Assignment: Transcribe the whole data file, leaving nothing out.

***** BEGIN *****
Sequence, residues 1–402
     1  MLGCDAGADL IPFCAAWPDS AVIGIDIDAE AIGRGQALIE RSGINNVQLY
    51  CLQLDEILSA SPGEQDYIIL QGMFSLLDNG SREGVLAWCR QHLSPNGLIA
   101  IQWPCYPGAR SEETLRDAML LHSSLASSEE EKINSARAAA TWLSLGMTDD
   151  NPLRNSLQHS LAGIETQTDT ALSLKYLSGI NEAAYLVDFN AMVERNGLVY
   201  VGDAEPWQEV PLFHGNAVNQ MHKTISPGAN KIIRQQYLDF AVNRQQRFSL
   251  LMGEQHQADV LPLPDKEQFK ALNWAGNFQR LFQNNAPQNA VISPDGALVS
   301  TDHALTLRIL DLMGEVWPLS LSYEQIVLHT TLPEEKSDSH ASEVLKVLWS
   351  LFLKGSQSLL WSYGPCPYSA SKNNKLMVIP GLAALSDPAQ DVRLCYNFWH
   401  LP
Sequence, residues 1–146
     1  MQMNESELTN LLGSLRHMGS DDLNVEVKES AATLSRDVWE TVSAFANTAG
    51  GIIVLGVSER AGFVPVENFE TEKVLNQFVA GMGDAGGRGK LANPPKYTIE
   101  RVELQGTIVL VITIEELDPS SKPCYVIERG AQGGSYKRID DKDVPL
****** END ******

Sequence, residues 1–402
     1  MLGCDAGADL IPFCAAWPDS AVIGIDIDAE AIGRGQALIE RSGINNVQLY
    51  CLQLDEILSA SPGEQDYIIL QGMFSLLDNG SREGVLAWCR QHLSPNGLIA
   101  IQWPCYPGAR SEETLRDAML LHSSLASSEE EKINSARAAA TWLSLGMTDD
   151  NPLRNSLQHS LAGIETQTDT ALSLKYLSGI NEAAYLVDFN AMVERNGLVY
   201  VGDAEPWQEV PLFHGNAVNQ MHKTISPGAN KIIRQQYLDF AVNRQQRFSL
   251  LMGEQHQADV LPLPDKEQFK ALNWAGNFQR LFQNNAPQNA VISPDGALVS
   301  TDHALTLRIL DLMGEVWPLS LSYEQIVLHT TLPEEKSDSH ASEVLKVLWS
   351  LFLKGSQSLL WSYGPCPYSA SKNNKLMVIP GLAALSDPAQ DVRLCYNFWH
   401  LP
Sequence, residues 1–146
     1  MQMNESELTN LLGSLRHMGS DDLNVEVKES AATLSRDVWE TVSAFANTAG
    51  GIIVLGVSER AGFVPVENFE TEKVLNQFVA GMGDAGGRGK LANPPKYTIE
   101  RVELQGTIVL VITIEELDPS SKPCYVIERG AQGGSYKRID DKDVPL